Factors that might moderate the relationship between CM and social functioning are the type of CM and age at onset of CM. It has been proposed that early experiences of threat (e.g., physical exposure) and deprivation (e.g., neglect) impact different neural circuits  which, in turn, differentially impact cognitive functions , learning, and behavior [54, 55]. Such differential effects might affect not only mental and physical health, but also the development of social functioning. Furthermore, neglected children show more pronounced academic deficits and social withdrawal as well as lower peer acceptance than physically abused children, with exposure to neglect prior to kindergarten having a particularly pervasive influence on school achievement . The setting in which CM is experienced may also affect social functioning. Yet, while emotional and sexual abuse in foster care settings are known to have negative effects on adult survivors’ mental health , studies evaluating differences in social functioning in individuals with institutional versus intrafamilial CM or looking specifically at CM occurring in other non-familial settings, are lacking.
Understanding the Underlying Processes and Effects of Social Function and Dysfunction
Despite extensive evidence demonstrating significant social dysfunction in children and adults exposed to CM, there is limited knowledge on more specific processes and mechanisms that underlie broader social problems, and on factors that mediate the positive effects of intact social functioning on mental and physical health. This, in turn, limits the capacity to develop effective preventative and therapeutic interventions. We therefore propose that future research focuses on identifying the specific processes that contribute to broader social problems as well as on processes that mediate the relationship between intact social functioning and mental and physical health (Fig. 1). In the following sections, we outline specific aims (summarized in Table 1) and methods (summarized in Table 2) for such research.
Aims of Future Research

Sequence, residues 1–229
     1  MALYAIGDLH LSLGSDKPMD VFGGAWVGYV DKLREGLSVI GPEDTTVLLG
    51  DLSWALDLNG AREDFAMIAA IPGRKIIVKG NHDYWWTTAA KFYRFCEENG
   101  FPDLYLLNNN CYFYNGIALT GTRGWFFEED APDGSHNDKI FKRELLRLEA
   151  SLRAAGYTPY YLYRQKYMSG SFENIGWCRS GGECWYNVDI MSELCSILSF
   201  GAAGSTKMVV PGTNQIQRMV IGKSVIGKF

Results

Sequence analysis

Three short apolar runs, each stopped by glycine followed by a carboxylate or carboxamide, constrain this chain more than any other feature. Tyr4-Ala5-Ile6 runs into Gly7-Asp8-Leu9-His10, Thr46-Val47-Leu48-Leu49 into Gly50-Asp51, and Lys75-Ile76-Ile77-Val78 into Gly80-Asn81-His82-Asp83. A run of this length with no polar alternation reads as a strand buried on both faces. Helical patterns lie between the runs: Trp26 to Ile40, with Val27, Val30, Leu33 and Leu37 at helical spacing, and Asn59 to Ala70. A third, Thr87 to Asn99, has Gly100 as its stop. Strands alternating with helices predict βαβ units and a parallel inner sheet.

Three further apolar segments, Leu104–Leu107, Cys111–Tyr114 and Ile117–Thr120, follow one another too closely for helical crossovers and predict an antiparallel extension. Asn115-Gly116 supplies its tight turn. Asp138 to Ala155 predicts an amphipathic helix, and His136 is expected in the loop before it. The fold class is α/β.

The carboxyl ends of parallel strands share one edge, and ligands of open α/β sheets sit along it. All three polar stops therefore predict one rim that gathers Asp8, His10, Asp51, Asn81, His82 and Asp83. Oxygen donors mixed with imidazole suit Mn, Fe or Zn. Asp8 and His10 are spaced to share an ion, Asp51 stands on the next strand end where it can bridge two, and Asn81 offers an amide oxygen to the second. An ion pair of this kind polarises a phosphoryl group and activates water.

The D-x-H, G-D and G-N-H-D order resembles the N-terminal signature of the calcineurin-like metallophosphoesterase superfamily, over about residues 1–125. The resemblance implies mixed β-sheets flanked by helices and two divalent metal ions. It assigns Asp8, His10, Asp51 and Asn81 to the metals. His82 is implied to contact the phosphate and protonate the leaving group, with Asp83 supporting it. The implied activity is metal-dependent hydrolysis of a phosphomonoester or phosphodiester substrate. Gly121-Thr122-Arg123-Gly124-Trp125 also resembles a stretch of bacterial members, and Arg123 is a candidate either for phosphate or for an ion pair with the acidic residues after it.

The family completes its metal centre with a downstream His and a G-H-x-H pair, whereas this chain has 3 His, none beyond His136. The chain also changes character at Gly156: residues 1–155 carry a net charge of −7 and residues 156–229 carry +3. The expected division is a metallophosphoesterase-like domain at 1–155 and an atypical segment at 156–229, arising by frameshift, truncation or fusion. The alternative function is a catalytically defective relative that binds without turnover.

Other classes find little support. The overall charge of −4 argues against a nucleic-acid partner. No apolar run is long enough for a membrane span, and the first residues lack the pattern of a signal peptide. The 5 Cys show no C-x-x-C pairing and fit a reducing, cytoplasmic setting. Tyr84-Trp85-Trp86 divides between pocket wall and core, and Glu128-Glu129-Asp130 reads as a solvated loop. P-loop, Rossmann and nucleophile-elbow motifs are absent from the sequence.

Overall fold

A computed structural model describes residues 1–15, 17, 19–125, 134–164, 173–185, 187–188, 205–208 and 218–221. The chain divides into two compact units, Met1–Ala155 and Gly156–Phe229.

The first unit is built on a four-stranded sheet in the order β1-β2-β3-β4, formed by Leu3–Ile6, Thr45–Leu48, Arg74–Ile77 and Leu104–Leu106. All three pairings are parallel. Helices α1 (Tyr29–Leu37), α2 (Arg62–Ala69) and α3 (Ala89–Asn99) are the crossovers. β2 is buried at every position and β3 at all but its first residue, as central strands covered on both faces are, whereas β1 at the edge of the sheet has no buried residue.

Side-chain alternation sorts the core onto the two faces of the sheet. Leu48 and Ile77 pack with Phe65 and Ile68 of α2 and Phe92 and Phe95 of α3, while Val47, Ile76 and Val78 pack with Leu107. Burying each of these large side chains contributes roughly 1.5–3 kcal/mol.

Identification of Key Interpersonal and Intrapersonal Socially Relevant Processes Affected by CM
The Role of Attachment
One key process already well known to be affected by CM is a child’s ability to build secure and enduring relationships with their caregivers . As proposed by attachment theory, a person’s early interactions and relationships with their primary caregivers shape later attachment behavior . A person’s attachment style (i.e., behavioral tendencies and preferences that define the degree to which someone avoids or seeks attachment experiences) seems to be relatively stable across the lifespan  and affects the perceived quality of relationships with peers, romantic partners, and even children . There is evidence for a strong relationship between CM and insecure attachment , and attachment difficulties, in turn, are linked to broad socio-interpersonal problems (in disclosure, social support, and acknowledgment) in adulthood. We propose that alterations in specific socially relevant processes mediate the relationship between attachment difficulties and impaired social functioning, including revictimization [48, 63], which should be tested in future research (Fig. 1).
In attempting to identify the specific processes that underlie the above-described broad problems in social functioning it thus seems promising to assess processes that are likely to be influenced by attachment difficulties (Fig. 1). However, claims of attachment theory, including the conceptualization of different attachment styles, are based on a Western child-rearing philosophy, which focuses on mother-infant attachment and emphasizes the development of personal autonomy. In its present form, attachment theory is thus not applicable to other cultures (e.g., ). When investigating effects of CM on attachment styles and how they impact specific social processes, it is thus necessary to apply (and, where necessary, first develop) attachment-related concepts that reflect cultural variation.
Processes Known to Be Affected by CM
Some of the socially relevant processes known to be affected by CM (Fig. 1) have been documented. For instance, CM is linked to heightened emotional reactivity and problems in emotion regulation . Furthermore, CM has been linked to alterations in the perception and interpretation of emotional [66, 67] and neutral facial expressions [68‒70]. Children exposed to CM tend to perceive neutral expressions as more similar to negative emotional expressions . Similarly, adults with (vs. without) histories of CM more frequently interpret neutral expressions as feelings of anger, sadness, fear, and contempt [68, 69]. This suggests that the negativity bias observed in children may persist throughout the life course. There is also less consistent evidence that children exposed to CM show diminished cognitive understanding of other individuals’ mental states , with some of these effects persisting into adulthood  and impairments being more pronounced with exposure to CM across a greater number of time periods . Furthermore, it has been reported that sexually abused children, especially those exposed to intrafamiliar sexual abuse, have greater difficulties in mentalizing . Finally, revictimized women with a history of childhood sexual and physical abuse were found to perceive photographs of males with stronger implicit facial cues of aggressiveness as more attractive than revictimized women without such a history, identifying a social processing bias that could increase risk for future victimizing relationships .